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Post Thu Jul 24, 2003 9:06 pm
doc_bk

Recently I bought a stainless steel vermont castings which I love. Two questions. I've never used porcelain coated cast iron. Do these need to be seasoned like regular cast iron? I can't get them to stop sticking. Also any good ideas for cleaning the grease buildup off of the stainless? Thank you.

Post Fri Jul 25, 2003 5:17 am
Longmill

Oil the grates (paper towel saturated with oil applied with tongs) just before you put on the food. Then, WAIT, until the seized food has freed itself from the grates. Don't try to turn it before it's ready to be turned.

Simple Green cleaner (available from many sources) is the best all around commercial cleaner that I've found. Dilute it or use it full strength depending on the particular application. Spray it on and give it time to work. Rinse thoroughly.

Ammonia is a good heavy duty cleaner for ovens, so it should work for grills, too. The way I use it for ovens is as follows. Warm the oven to 150 - 200 degrees. Turn off the oven. Pour about a cup of ammonia in a glass bowl (non-reactive container) and place on the rack in the oven. Leave it there overnight. Next moning remove the ammonia and immediately clean the oven walls with hot water and dish detergent. The ammonia fumes will soften the baked on crud. For heavily crusted stuff, a repeat application may be needed.

Also, check into vinegar as a cleaning compound. I've successfully used it to remove rust from cast iron cookware, tools, etc. I've cleaned grill grates a number of times using this method. Boil the item in a strong solution of vinegar and water. Loosens crud and rust. Just be ready to reseason immediately!!

Longmill

Post Fri Jul 25, 2003 2:51 pm
Leisa M rare
rare

Posts: 18
Location: Cedar Park, TX
Will the vinegar work with cast aluminum? I have an old cornbread pan that I bought. I do not think it is cast iron, because I have cleaned enough to see that it is silver underneath. There are no markings so i am guessing at cast aluminum.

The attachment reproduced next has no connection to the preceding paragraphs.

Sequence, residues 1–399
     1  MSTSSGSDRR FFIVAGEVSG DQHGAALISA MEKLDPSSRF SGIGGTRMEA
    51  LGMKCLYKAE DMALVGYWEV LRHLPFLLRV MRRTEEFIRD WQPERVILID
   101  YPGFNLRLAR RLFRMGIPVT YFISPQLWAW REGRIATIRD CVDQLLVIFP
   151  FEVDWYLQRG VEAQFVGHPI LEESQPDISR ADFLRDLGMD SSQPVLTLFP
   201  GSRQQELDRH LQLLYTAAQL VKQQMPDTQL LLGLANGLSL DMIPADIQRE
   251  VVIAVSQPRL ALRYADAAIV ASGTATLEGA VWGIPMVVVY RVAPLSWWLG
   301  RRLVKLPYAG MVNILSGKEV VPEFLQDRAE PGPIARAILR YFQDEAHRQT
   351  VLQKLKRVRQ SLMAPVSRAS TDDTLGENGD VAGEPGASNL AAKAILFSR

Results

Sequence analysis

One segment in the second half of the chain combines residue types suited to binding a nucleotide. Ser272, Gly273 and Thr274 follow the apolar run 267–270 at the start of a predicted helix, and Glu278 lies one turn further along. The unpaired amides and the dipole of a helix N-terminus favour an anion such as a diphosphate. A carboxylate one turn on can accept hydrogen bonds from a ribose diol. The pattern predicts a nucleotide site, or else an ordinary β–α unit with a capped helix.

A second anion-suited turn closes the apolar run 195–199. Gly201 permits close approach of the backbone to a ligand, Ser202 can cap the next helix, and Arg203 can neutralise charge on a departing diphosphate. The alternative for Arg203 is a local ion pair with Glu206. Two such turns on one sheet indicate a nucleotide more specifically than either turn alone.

I would like to use this pan and was about to use EasyOff when I read this thread
Leisa
Missy's Mom

Post Sat Jul 26, 2003 5:15 am
Longmill

Leisa M wrote:
Will the vinegar work with cast aluminum? I have an old cornbread pan that I bought. I do not think it is cast iron, because I have cleaned enough to see that it is silver underneath. There are no markings so i am guessing at cast aluminum.

I would like to use this pan and was about to use EasyOff when I read this thread


Check it with a magnet. Cast iron also looks "silver" when the surface coating/oxidation is removed. If it's iron, a magnet will stick to it.

I don't have as much experience with aluminum as I do with castiron, so take these comments with a grain of salt. You may want to research further on the Internet, especially if your pan is valuable.

Vingear is a mild acid, thus, it may etch your pan. If you're not worried about that, go ahead and give vinegar & water a try. Mix up about a cup of vinegar to a gallon of water. It's best if you could simmer your cornbread pan in this solution for about an hour. However, you need to put this solution in a non-reactive container (enamelware or stainless steel.)

If that doesn't work, household ammonia will remove crud. It's not recommended for alumimun, but I have used it successfully to clean up old aluminum cookware. Fill the sink with HOT water. Add about 1/2 cup ammonia, 1/2 cup alcohol, and a good squirt of Dawn dishwashing liquid. Stir to blend mixture. Put the pan in the sink and forget it for a few hours or overnight. BTW, this works for electric stove burner pans and such, so you may want to add those to your sink when you soak the cornbread pan.

In closing, IMHO, the best approach to cleaning anything from grill grates to breadpans is to start with the most gentle remedy first. It that doesn't work, move on to something a bit stronger. Leave the caustic solutions (lye, commercial oven cleaners, etc.) as a last resort.

Hope this is helpful. Again, if your pan is an antique or valued heirloom, be sure to research any cleaning method you use. Some antiques shouldn't be cleaned, as it will destroy their collector's value.

Longmill


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